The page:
CHINA: “China’s GDP growth stood at 7.4 per cent in 2014, averting a hard landing. The growth rate experienced a slowdown from 2013, mainly because of slower fixed asset investment growth and a challenging environment in the manufacturing sector,” KPMG’s China Outlook 2015 says. “However, the speed of economic restructuring and upgrading increased. President Xi Jinping described this economic pattern as the ‘new normal’.”
Despite its slowdown, China’s growth rate has been the most constant among all G20 nations. It grew by 7.3 per cent in the last quarter of 2014 and is expected to grow at around 7 per cent in 2015. A steep correction in the property market and high local debt could offset the growth Beijing achieved through reduced commodity prices and a flexible monetary policy. FocusEconomics Consensus Forecast panelists cut their growth projections for 2015 by 0.1 percentage points to 6.9 per cent. Next year, the panel sees growth at 6.8 per cent.
“Based on the government’s economic restructuring, we anticipate that China’s economy will increasingly be driven by innovation, the service sector and private capital. Sectors along the high-end value chain, such as high-end equipment manufacturing and service sectors including healthcare are expected to have great development opportunities,” the KPMG report says. “On the other hand, the overcapacity phase-out and weakened demand in the manufacturing sector will continue to put pressure on future manufacturing growth.”
INDONESIA: Weak investment growth and a slowdown in exports has affected Indonesia’s growth prospects in 2015. Indonesia’s economy is projected to grow by 5.2 per cent in 2015, lower than the 5.6 per cent previously forecast in July 2014, says a new World Bank report.
The things that work for the country at the moment is its strong private consumption base. A spur in investment later in the year might lead it towards a stronger growth prospect.
The country, however, has major challenges facing it. Government capital expenditure was only 38 per cent of the budgeted amount, much below previous years. However, the current account deficit has been reduced modestly to $6.8 billion or 3.1 per cent of GDP in the third quarter. This is expected to stabilise at 2.8 per cent this year.
Inflation is expected to average 7.5 per cent in 2015. Subsidy reforms had meant over 100 trillion in fiscal savings which will mean more public spending especially in healthcare. Indonesia is amongst one of the lowest spenders on public healthcare (1.2 per cent of its GDP in 2012) in the world.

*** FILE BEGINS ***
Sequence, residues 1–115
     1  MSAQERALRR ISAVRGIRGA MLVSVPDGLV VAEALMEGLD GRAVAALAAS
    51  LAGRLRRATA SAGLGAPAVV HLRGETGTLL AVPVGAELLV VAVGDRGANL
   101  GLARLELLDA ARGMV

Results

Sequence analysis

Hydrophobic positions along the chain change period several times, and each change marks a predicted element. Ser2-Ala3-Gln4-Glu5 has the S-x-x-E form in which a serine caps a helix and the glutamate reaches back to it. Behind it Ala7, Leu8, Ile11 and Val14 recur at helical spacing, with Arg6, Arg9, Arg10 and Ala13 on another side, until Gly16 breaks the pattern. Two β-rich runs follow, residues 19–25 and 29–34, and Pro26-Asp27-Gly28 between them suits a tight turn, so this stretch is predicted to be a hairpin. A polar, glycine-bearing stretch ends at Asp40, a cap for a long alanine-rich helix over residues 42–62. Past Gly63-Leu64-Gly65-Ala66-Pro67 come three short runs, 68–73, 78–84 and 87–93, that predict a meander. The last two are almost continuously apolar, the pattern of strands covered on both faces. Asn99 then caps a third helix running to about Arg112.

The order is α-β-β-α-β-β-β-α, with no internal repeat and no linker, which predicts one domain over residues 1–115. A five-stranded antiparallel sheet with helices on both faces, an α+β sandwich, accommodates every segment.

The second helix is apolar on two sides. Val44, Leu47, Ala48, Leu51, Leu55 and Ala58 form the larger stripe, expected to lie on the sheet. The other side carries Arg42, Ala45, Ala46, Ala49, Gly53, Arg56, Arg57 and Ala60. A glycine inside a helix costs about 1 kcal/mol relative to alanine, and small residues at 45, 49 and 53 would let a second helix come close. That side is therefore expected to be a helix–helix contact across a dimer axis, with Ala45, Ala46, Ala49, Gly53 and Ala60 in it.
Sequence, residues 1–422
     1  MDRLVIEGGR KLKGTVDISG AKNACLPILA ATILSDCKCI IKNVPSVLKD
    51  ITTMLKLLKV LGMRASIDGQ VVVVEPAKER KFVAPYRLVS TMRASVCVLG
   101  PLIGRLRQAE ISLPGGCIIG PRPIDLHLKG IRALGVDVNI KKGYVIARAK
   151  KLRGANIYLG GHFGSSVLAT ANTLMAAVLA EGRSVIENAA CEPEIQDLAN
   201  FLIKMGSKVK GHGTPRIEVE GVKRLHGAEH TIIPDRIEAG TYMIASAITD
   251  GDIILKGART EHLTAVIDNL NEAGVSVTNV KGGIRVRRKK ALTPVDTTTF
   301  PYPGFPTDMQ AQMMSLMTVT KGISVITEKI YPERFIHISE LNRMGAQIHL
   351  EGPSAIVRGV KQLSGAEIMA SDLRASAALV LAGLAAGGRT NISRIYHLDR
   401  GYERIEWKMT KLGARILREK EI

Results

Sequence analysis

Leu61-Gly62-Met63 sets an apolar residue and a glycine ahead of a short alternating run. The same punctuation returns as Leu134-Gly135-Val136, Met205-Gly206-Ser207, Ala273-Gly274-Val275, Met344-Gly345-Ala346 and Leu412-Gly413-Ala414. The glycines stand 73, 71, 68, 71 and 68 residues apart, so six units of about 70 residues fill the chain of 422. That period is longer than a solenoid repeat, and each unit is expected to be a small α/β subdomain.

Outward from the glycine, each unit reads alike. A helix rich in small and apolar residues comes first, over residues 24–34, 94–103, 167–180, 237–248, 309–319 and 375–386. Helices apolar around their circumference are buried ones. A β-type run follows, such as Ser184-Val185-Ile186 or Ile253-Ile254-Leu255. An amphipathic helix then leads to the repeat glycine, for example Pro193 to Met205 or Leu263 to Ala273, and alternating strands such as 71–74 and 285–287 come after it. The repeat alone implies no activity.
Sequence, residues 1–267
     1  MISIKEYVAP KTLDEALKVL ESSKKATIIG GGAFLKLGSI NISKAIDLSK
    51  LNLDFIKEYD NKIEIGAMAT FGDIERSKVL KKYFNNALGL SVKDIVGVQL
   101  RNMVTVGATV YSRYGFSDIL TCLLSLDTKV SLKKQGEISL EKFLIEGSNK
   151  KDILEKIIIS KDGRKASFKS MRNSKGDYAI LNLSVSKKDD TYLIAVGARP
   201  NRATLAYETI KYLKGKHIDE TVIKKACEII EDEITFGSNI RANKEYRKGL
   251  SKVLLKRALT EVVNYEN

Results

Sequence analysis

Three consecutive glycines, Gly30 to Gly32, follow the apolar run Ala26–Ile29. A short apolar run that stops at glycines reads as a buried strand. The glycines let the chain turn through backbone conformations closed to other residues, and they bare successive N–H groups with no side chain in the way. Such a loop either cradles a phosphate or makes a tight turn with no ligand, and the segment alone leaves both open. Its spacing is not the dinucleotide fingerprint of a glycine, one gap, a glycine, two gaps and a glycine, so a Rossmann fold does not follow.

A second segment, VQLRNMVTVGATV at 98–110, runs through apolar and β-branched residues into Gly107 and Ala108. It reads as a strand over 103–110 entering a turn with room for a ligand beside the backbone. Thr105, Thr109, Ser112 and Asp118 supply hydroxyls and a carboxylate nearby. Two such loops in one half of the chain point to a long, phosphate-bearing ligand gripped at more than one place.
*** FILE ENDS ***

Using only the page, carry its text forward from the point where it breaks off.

At the World Economic Forum on East Asia held in April, in Jakarta, President Joko Widodo had assured international investors that Indonesia is a prime investment destination. But it has its challenges cut out. It will only be able to add $22 billion in large infrastructure projects this year, which is not ideal as other sectors like manufacturing and exports are in a limbo with record losses. However, Widodo’s growth-oriented policies have affected the economy positively and FocusEconomics panelists predict the economy growing at 5.3 per cent in 2015.
MYANMAR: “Myanmar’s economy continues to make progress, drawing on the benefits of greater integration with the rest of the world,” writes Lester Gunnion in the Asia Pacific Economic Outlook (January 2015). “Economic growth is set to remain strong in the medium term on the back of foreign direct investment (FDI) inflows into telecommunications, oil and gas, banking and construction.”
FDI inflow into Myanmar had surged at the beginning of this year, the biggest recipient being its telecommunications sector (31 per cent of the total FDI received). According to the Myanmar Investment Commission, FDI in the first five months of 2015 stood at $3.32 billion (a 113 per cent year-over-year rise) and will cross $5 billion this fiscal year, $1 billion more than the estimated amount. Tourism too has been thriving. Tourism inflows went up about 93% to 2 million in 2013 and is expected to touch 3.1 million by the end of this year.
Hydrocarbon reserves in Myanmar too will see increased exploration by foreign companies. The government till now has awarded 20 offshore blocks and will auction another 9 in 2015. Foreign banks too will soon start operating in the country soon although with limited lending capabilities.